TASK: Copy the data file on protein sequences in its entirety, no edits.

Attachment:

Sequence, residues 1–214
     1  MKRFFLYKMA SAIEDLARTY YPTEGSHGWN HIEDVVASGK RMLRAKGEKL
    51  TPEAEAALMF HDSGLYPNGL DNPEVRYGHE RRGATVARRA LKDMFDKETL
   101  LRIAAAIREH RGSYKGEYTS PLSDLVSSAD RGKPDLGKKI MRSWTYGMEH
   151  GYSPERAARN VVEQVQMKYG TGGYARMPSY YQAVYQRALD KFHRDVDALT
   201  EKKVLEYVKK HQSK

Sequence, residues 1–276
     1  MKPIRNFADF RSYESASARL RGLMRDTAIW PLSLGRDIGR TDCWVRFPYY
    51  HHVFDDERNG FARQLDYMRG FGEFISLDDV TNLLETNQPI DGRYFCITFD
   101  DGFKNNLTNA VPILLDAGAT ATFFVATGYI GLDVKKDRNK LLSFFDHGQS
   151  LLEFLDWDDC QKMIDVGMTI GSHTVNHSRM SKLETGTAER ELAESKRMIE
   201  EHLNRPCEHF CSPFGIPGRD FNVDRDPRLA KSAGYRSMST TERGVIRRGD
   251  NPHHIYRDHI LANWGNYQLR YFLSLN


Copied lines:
Sequence, residues 1–214
     1  MKRFFLYKMA SAIEDLARTY YPTEGSHGWN HIEDVVASGK RMLRAKGEKL
    51  TPEAEAALMF HDSGLYPNGL DNPEVRYGHE RRGATVARRA LKDMFDKETL
   101  LRIAAAIREH RGSYKGEYTS PLSDLVSSAD RGKPDLGKKI MRSWTYGMEH
   151  GYSPERAARN VVEQVQMKYG TGGYARMPSY YQAVYQRALD KFHRDVDALT
   201  EKKVLEYVKK HQSK

Sequence, residues 1–276
     1  MKPIRNFADF RSYESASARL RGLMRDTAIW PLSLGRDIGR TDCWVRFPYY
    51  HHVFDDERNG FARQLDYMRG FGEFISLDDV TNLLETNQPI DGRYFCITFD
   101  DGFKNNLTNA VPILLDAGAT ATFFVATGYI GLDVKKDRNK LLSFFDHGQS
   151  LLEFLDWDDC QKMIDVGMTI GSHTVNHSRM SKLETGTAER ELAESKRMIE
   201  EHLNRPCEHF CSPFGIPGRD FNVDRDPRLA KSAGYRSMST TERGVIRRGD
   251  NPHHIYRDHI LANWGNYQLR YFLSLN